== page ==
As may be seen in FIGURE 12, a multiplicity of the double-back ends may form loops 66 with twisted pedicles 72 which are frequently intertwisted with adjacent pedicled loops as at 68 and 70. The loops 66, 68, and 70, etc., extend generally perpendicular to and radially of the tensioned central elastic core strand 10 from the central axis of the yarn, and outwardly there beyond. In the so-wound and twisted wrapped strand, the individually looped strand portions may be partially entangled, snarled, and inerlocked with adjacent looped portions as shown at 74 and 76 in FIGURE 12, so as to resist unwinding. This resistance to slippage and unwinding, together with the packed nature of wrapped loops against wrapped loops, is another factor which enables the wrapped yarn of this invention to be stable and non-shrinking even when the core is highly tensioned.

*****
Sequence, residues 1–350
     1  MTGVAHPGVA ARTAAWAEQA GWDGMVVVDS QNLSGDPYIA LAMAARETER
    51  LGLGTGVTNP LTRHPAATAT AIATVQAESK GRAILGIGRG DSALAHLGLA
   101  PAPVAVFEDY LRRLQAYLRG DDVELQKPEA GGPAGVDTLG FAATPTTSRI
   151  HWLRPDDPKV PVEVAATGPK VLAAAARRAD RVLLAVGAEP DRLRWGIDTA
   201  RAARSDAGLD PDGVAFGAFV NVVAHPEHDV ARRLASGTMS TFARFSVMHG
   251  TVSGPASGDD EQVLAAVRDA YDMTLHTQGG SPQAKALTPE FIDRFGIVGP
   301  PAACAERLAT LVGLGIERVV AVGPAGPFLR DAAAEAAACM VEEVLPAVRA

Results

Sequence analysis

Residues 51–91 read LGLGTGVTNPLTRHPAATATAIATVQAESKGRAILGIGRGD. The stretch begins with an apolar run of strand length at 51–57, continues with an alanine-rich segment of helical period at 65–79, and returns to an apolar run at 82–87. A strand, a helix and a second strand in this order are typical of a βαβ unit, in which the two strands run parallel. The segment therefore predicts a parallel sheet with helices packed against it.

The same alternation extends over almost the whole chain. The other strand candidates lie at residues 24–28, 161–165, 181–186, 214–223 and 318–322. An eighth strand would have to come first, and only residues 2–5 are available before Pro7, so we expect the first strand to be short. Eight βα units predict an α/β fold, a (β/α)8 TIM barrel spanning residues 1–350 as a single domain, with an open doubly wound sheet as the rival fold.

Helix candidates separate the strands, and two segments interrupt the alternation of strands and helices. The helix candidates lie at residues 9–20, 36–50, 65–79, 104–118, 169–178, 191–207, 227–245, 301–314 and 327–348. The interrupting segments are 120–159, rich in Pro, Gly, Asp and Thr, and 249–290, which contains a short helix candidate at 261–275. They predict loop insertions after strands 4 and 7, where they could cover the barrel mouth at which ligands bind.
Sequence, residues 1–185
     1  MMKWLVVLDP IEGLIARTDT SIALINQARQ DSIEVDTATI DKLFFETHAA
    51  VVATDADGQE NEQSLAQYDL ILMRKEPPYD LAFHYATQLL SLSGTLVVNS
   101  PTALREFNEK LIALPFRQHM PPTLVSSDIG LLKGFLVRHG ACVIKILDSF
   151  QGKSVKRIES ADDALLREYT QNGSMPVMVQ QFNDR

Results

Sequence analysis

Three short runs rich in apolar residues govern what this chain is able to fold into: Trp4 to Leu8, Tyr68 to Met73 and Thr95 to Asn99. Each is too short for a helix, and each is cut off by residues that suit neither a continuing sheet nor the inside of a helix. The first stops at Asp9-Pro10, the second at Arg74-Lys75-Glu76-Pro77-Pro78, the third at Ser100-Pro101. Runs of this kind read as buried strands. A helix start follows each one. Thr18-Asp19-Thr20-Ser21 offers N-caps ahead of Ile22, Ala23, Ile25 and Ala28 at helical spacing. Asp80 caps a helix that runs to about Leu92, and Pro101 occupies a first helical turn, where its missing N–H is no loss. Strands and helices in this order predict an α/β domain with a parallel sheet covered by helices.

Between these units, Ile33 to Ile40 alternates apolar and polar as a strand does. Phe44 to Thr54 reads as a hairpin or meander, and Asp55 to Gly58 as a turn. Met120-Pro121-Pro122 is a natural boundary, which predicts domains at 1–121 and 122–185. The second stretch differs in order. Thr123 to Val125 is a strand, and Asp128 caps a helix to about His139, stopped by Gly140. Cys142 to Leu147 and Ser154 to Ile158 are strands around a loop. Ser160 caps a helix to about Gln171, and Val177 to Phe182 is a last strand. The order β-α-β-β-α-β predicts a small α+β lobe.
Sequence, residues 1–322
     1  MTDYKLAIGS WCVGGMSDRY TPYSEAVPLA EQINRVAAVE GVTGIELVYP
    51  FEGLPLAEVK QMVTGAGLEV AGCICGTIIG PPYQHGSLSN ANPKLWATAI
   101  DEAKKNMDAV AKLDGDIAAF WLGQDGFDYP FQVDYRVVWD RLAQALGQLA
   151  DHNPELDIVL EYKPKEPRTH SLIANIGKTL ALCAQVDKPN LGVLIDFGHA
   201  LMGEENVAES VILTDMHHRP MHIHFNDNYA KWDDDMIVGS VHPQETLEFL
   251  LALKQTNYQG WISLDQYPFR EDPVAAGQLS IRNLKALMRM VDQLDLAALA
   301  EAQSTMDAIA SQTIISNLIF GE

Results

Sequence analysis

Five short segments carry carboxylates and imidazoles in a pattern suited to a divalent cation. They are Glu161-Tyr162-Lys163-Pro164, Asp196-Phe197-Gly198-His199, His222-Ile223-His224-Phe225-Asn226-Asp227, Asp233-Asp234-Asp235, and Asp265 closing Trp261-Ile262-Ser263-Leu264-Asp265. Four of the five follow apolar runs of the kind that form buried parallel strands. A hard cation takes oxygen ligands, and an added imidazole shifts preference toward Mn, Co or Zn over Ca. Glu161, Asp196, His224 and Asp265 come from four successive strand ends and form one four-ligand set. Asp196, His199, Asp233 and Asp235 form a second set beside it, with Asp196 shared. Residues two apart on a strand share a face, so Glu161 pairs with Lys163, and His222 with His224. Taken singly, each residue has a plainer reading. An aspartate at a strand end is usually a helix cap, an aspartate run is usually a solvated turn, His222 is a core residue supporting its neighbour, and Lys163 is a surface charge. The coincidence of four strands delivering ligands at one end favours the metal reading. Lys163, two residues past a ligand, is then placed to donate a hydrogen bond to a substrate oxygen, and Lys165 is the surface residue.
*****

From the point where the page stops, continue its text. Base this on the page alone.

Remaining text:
The characteristic wrapping of the yarn of this invention may be seen in FIGURE 9, which represents the yarn of FIGURE 10 extended about 100%. In FIGURE 9, the wrapping strand is disposed in the form of more or less smoothly wrapped bundles of loops, 62, which wrap around the core strand 10, interspersed with radiallyextending pedicled loops 61 extending outward from and perpendicular to the axis of the core strand. Both FIG- URES 9 and 10 are magnified several times for illustrative purposes. Where a very fuzzy yarn is desired, the formation of more radially extending pedicled loops is encouraged by increasing the air pressure which feeds the wrapping strand. Whether this is due to induced turbulence or not, excess air pressure usually creates a wild" yarn characterized by many radially-extending loops.